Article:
Alien (law)
In law, an alien is a person in a country who is not a citizen of that country.-Categorization:Types of "alien" persons are:*An alien who is legally permitted to remain in a country which is foreign to him or her. On specified terms, this kind of alien may be called a legal alien of that country...

, disenfranchised felon
A felony is a serious crime in the common law countries. The term originates from English common law where felonies were originally crimes which involved the confiscation of a convicted person's land and goods; other crimes were called misdemeanors...

s and persons who are considered 'mentally incompetent' in the United States, and that American voter turnout is higher than is normally reported. Professor Michael P. McDonald constructed an estimation of the turnout against the 'Voting Eligible Population', instead of the 'Voting Age Population'. For the American presidential elections of 2004, turnout could then be expressed as 60.32% of VEP, rather than 55.27% of VAP.

In New Zealand, registration is supposed to be universal. This does not eliminate uncertainty in the eligible population because this system has been shown to be unreliable, with a large number of eligible but unregistered citizens, creating inflated turnout figures.

A second problem with turnout measurements lies in the way turnout is computed. One can count the number of voters, or one can count the number of ballots, and in a vote-for-one race, one can sum the number of votes for each candidate. These are not necessarily identical because not all voters who sign in at the polls necessarily cast ballots, although they ought to, and because voters may cast spoil their votes. In the United States, it has been common to report turnout as the sum of votes for the top race on the ballot, because not all jurisdictions report the actual number of people who went to the polls nor the number of undervotes or overvotes. Overvote rates of around 0.3 percent are typical of well-run elections, but in Gadsden County Florida, the overvote rate was 11 percent in November 2000.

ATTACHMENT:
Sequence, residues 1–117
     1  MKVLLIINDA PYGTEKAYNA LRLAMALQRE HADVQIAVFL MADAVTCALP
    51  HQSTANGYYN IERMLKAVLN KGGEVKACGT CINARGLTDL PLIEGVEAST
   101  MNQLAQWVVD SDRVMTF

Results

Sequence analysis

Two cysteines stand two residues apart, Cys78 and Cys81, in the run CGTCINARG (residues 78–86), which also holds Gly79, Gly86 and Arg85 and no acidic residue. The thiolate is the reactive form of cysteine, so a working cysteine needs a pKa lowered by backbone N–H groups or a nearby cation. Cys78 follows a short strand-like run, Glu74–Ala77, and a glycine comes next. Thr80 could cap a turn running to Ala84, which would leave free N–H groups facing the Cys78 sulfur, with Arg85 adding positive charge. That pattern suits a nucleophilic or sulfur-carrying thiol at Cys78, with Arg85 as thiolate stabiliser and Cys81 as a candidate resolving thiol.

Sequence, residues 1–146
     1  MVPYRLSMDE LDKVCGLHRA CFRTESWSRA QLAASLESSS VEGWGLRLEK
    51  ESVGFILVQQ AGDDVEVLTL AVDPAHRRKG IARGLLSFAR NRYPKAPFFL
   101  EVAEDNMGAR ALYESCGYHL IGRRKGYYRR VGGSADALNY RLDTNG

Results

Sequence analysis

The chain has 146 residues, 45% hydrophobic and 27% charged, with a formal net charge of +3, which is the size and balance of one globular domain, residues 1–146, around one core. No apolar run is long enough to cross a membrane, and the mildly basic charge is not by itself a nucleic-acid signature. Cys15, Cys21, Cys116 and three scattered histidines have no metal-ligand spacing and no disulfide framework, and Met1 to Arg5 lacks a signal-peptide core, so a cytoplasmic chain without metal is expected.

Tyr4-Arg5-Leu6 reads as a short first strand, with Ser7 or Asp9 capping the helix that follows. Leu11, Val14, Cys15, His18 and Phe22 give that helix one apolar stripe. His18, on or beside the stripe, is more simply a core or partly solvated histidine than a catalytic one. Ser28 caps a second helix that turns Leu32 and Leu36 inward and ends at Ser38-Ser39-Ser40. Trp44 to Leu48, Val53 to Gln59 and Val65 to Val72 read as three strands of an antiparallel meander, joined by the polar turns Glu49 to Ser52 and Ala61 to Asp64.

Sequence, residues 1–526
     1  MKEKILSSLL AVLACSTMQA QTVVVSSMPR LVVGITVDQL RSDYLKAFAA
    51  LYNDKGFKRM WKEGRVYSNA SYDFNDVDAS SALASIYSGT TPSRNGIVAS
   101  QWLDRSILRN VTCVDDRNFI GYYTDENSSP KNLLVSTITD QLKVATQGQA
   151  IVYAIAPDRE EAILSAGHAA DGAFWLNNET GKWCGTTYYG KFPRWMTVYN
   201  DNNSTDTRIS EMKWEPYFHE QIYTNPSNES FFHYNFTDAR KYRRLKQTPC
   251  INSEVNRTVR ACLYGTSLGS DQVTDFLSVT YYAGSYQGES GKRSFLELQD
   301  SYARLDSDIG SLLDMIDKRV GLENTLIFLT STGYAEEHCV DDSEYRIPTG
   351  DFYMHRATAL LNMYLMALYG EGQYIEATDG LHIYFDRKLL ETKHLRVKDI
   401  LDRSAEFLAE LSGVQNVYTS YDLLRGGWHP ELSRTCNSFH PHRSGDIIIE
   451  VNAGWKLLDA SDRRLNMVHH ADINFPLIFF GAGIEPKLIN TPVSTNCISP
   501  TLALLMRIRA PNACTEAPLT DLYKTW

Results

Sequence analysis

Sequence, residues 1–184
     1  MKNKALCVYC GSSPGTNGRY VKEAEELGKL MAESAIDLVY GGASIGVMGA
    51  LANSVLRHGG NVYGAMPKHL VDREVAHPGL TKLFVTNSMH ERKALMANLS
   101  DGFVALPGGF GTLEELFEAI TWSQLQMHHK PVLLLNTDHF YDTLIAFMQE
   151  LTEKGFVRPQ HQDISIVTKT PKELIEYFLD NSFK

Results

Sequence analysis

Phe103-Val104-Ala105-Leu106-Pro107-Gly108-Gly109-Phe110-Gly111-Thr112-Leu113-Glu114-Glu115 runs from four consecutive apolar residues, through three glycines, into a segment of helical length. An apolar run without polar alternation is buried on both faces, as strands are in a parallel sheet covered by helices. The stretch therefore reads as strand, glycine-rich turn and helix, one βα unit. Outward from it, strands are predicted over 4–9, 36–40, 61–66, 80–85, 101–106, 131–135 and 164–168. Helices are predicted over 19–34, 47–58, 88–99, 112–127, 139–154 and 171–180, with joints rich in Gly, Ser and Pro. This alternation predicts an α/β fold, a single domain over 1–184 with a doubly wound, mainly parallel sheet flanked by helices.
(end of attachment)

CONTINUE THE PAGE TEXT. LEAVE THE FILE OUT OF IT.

Trends of decreasing turnout

Over the last 40 years, voter turnout has been steadily declining in the established democracies. This trend has been significant in the United States, Western Europe, Japan and Latin America. It has been a matter of concern and controversy among political scientists for several decades. During this same period, other forms of political participation have also declined, such as voluntary participation in political parties and the attendance of observers at town meetings. The decline in voting has also accompanied a general decline in civic participation, such as church attendance, membership in professional, fraternal, and student societies, youth groups, and parent-teacher associations. At the same time, some forms of participation have increased. People have become far more likely to participate in boycott
A boycott is an act of voluntarily abstaining from using, buying, or dealing with a person, organization, or country as an expression of protest, usually for political reasons...

s, demonstration
A protest is an expression of objection, by words or by actions, to particular events, policies or situations. Protests can take many different forms, from individual statements to mass demonstrations...

s, and to donate to political campaigns.

Before the late 20th century, suffrage